Photo by chrisjohnbeckett used under a Creative Commons license.
Mary Beard, The Fires of Vesuvius (Belknap Press, 2008).
Beard, a Cambridge professor, summarizes what historians and archeologists have learned about the Roman town of Pompeii, famously destroyed when Mount Vesuvius erupted in AD 79. Beard has the background to describe academic work authoritatively, but she also has the gifts to explain it lucidly to a wider audience — and to point out where conclusions have been drawn with little or no basis. One myth debunked is that the eruption gave us a city frozen in time; it appears rather than most of the residents escaped, and that they took many of their possessions. Also complicating interpretation are Roman salvage efforts, the crude archeology of earlier centuries, and Allied bombing during World War II. Still, there is a wealth of material for Beard to relate. There are quite a few plates and illustrations, though still more would be nice. If you were to read one book about Pompeii, it is hard to imagine that this shouldn’t be the one. (Note that it was published in England under the apter title, Pompeii: The Life of a Roman Town.)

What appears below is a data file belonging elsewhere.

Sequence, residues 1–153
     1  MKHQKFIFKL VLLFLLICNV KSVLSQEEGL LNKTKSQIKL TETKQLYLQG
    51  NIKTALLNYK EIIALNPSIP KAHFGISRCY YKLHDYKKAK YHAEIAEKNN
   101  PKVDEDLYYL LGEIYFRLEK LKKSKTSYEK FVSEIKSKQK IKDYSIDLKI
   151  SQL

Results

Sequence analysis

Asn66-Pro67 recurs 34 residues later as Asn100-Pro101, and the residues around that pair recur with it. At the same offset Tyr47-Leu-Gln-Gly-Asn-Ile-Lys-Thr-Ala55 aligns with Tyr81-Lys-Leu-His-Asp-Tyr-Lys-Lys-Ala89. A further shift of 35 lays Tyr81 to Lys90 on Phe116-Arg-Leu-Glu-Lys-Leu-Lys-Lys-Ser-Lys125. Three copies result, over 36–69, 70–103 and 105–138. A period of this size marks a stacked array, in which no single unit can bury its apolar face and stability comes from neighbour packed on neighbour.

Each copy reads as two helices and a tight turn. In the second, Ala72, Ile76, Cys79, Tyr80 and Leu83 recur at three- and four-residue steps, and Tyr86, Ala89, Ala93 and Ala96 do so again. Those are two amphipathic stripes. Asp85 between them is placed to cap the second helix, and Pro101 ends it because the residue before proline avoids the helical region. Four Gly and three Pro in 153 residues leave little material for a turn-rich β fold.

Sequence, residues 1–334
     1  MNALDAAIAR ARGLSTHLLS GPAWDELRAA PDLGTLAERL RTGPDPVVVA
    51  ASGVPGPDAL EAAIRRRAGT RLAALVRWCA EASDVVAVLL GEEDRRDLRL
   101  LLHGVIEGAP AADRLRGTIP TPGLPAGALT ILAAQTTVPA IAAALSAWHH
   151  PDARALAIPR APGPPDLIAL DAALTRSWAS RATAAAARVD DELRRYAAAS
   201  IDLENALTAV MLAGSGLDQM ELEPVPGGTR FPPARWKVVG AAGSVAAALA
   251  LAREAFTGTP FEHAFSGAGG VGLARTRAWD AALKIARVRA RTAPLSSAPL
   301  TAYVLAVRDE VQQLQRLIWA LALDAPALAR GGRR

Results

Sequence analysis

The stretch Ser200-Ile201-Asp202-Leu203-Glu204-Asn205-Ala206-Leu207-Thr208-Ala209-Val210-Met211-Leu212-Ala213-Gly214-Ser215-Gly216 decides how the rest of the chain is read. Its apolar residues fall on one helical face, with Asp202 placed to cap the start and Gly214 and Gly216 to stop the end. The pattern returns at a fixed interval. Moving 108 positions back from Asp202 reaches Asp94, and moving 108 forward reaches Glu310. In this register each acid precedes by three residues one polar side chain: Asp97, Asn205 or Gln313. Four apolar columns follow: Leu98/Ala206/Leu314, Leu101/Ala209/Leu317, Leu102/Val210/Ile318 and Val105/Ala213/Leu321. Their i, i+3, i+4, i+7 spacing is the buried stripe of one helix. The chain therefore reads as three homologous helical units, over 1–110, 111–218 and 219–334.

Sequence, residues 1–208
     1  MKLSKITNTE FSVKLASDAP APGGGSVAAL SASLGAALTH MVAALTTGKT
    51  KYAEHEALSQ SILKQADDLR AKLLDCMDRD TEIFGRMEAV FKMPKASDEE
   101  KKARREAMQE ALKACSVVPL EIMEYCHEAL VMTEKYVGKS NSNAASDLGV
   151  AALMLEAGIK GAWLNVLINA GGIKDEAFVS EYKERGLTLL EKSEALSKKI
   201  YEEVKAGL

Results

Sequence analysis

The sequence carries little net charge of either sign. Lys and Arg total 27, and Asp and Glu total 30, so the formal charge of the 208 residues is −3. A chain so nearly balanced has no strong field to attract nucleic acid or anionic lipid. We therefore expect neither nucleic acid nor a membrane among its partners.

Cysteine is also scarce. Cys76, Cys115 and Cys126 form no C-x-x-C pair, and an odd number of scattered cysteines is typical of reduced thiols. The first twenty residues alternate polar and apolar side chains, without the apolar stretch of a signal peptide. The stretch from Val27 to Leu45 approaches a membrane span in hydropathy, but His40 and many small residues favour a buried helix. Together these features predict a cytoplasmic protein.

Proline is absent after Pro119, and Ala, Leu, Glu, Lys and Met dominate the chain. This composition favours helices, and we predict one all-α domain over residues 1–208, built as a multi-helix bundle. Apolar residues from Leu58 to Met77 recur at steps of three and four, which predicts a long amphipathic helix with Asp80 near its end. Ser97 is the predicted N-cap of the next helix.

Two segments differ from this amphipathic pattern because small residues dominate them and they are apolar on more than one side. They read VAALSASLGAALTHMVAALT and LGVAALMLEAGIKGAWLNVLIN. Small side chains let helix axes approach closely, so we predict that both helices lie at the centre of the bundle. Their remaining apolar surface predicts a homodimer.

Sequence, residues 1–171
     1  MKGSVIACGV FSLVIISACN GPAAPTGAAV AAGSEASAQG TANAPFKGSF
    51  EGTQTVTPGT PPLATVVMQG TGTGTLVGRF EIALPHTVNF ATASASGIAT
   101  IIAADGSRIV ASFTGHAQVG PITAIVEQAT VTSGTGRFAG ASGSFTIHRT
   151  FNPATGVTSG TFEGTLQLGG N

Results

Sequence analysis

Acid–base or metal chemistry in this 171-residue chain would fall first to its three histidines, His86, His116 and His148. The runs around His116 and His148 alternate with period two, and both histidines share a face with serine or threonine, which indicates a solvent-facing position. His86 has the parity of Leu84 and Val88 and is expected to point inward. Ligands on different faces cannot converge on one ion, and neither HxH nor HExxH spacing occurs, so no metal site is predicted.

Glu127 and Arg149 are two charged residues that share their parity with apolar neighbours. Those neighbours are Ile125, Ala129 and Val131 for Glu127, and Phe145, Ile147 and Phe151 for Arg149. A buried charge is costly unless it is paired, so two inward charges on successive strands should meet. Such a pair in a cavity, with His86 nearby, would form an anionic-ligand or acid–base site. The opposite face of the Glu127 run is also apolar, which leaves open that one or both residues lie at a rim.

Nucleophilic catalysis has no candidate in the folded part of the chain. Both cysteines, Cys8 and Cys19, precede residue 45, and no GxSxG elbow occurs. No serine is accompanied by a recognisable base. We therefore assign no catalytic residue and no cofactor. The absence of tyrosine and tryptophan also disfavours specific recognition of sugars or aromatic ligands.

Here is Wikipedia’s page about Beard, and here is her bio at Newnham College. Steve Coates (The New York Times) says it’s a wonderful book for the impressive depth of information and easygoing erudition. Marjorie Kehe (The Christian Science Monitor) says Beard restores Pompeii in all its bustling everydayness. David Walton (The Plain Dealer) calls it an excellent account of what the ruins can and cannot tell us. Judith Harris (California Literary Review) owns 130 books on Pompeii and would read this first. NS Gill’s quibbles. Jarrett A. Lobell (Archeology) says Beard conveys detailed information about life in the city. Beard takes the Page 99 Test. Herodotus calls it engagingly mischievous. Laure Paquette calls it an easy read. Amy particularly appreciated Beard’s skepticism. You can listen to Beard and Sasha Weiss talk about Roman humor in a NYRB podcast. Or watch her discuss her the book here and here. Beard blogs for the Times Online. Her fans are on Facebook. update: The book won a Wolfson History Prize for 2008.